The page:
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Gimp image editing

A story about gimps and goats

April 21st, 2010

Gimp is a free image editing software that is very heavy on features. I like it a lot and use frequently for photo editing. But getting started can be a bit tough and takes some patience. I was experimenting with a picture the other day and thought I could share the results as a little tutorial.

Gimp?

Gimp stands for "GNU Image Manipulation Program". The software is available for several platforms (including Windows) and is often found on Linux machines. Some call Gimp a free Photoshop alternative. I call Photoshop an expensive Gimp alternative. ;)

To download Gimp, go to Gimp.org.

Doing some editing

Open the image with Gimp.

Goat with carrot. Blame the goat for the bad composition. ;)
Goat with carrot. Blame the goat for the bad composition. ;)

In this tutorial, we will take a stab at making the above picture look cool. (Or at least different.)

Go to the layers dialog. If is not shown, go to Windows -> Dockable Dialogs -> Layers and it should pop up. Duplicate the layer by selecting it and clicking the "Create duplicate" button at the bottom.

Click the duplicate button...
Click the duplicate button...
... and we have two layers.
... and we have two layers.

Now, go to Colors -> Desaturate. Tick one of the options - whichever you like the best - and click ok. Congratulations - you now have a grayscale image.

Use the desaturate tool to create a grayscale image.
Use the desaturate tool to create a grayscale image.
Less colorful goat.
Less colorful goat.

Looks a bit dull, doesn't it? To make the image more rich in contrast, we will adjust the levels a bit. Go to Colors -> Levels.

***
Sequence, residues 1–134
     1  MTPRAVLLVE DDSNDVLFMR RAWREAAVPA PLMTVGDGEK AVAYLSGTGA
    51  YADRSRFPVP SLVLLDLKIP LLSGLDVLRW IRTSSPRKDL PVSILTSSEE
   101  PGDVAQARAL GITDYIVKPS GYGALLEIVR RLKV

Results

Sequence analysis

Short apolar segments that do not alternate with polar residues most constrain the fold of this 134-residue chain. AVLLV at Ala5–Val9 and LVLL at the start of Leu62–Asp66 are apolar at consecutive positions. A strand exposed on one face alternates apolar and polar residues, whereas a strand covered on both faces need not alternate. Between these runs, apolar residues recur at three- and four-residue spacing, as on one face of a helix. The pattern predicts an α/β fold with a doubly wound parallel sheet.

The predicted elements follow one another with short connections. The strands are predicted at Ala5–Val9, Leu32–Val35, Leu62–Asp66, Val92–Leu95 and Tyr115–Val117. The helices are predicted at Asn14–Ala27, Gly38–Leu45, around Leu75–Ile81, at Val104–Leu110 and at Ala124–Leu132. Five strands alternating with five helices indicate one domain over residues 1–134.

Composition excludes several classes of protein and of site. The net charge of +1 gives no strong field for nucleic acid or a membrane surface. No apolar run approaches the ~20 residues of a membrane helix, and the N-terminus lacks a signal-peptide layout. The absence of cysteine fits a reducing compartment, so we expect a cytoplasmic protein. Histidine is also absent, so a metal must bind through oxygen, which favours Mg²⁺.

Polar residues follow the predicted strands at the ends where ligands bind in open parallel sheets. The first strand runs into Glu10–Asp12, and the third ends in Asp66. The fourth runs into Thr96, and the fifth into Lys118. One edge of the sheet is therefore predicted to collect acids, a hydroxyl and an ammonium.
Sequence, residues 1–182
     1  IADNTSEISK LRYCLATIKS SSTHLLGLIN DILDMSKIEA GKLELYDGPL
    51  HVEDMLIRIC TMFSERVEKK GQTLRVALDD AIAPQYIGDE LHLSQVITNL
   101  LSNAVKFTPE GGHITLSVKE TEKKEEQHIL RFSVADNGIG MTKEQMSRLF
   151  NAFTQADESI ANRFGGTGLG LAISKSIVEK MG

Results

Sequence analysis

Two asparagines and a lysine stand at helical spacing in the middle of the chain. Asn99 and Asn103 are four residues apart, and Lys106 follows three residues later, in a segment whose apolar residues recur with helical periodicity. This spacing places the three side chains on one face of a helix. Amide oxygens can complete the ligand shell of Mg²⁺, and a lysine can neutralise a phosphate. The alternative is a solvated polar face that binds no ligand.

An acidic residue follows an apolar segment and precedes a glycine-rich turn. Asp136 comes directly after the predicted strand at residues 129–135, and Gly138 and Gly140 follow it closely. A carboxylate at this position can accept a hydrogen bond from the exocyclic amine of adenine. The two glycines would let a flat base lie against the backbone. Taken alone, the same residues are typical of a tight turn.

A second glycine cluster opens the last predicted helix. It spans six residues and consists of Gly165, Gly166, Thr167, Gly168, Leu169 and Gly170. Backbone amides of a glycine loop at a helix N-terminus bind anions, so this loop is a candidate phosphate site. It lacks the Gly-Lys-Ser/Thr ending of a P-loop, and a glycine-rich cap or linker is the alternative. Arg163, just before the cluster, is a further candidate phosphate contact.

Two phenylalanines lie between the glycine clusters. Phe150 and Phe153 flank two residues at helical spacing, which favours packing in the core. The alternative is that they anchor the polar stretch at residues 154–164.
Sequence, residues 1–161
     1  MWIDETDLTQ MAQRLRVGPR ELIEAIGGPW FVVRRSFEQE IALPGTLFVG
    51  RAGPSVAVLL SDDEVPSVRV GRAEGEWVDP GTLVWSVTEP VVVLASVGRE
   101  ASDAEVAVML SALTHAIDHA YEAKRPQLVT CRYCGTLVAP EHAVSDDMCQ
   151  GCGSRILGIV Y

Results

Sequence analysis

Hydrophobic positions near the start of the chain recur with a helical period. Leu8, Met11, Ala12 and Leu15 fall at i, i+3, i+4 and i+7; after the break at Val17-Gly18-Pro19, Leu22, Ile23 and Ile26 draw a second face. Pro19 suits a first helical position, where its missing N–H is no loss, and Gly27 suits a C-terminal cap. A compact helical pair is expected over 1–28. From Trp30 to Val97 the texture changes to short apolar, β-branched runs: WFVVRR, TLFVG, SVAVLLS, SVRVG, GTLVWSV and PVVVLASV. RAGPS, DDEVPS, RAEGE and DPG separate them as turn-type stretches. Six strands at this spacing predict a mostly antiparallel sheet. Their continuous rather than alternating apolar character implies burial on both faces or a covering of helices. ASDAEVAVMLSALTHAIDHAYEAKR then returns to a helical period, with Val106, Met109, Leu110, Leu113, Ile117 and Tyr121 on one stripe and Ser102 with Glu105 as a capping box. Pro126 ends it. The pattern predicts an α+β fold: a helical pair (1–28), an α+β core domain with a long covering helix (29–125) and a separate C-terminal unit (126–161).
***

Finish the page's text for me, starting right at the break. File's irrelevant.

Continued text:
Adjust the levels to achieve more contrast.
Adjust the levels to achieve more contrast.

Adjust the sliders under the histogram. The left slider controls the black level, the one to the right the white level and the one in the middle the gray. Move the white and black sliders closer to the middle to get more contrast.

Looking less gray.
Looking less gray.

Some sepia touch would be neat. Go to Colors -> Colorize. Select a hue (around 35 is yellow-ish) and drop the saturation a bit.

Goat with some sepia.
Goat with some sepia.

Now for the fun part. Lets make a part of the picture stand out a little. Add a layer mask to the upper layer by right-clicking it and selecting "Add layer mask".

Adding a layer mask.
Adding a layer mask.

Select to use full opacity and click ok. An invisible mask (it can be made visible, however) has now been added to the layer, which will determine what part of the layer are transparent.

Select a brush and set the color to black. Paint some on the carrot. You will notice that by painting, you are in effect erasing parts from the upper layer, making the lower layer (with color) partially visible.

Working on the carrot.
Working on the carrot.

Continue until you have painted the whole carrot. Tip: If you paint outside the carrot, you can easily correct it by panting over your mistake using a white brush, restoring the opacity.

Carrot looking ok.
Carrot looking ok.

To make the carrot stand out a little more, we use the levels tool again. First, select the lower layer and then open the levels dialog (Colors -> Levels). Adjust the sliders until the colors look strong enough.

A nice looking goat chewing on a bright red carrot.
A nice looking goat chewing on a bright red carrot.

So there you go. You can use this technique on many pictures. Gimp does not require goats. ;)

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Erik Moberg  2019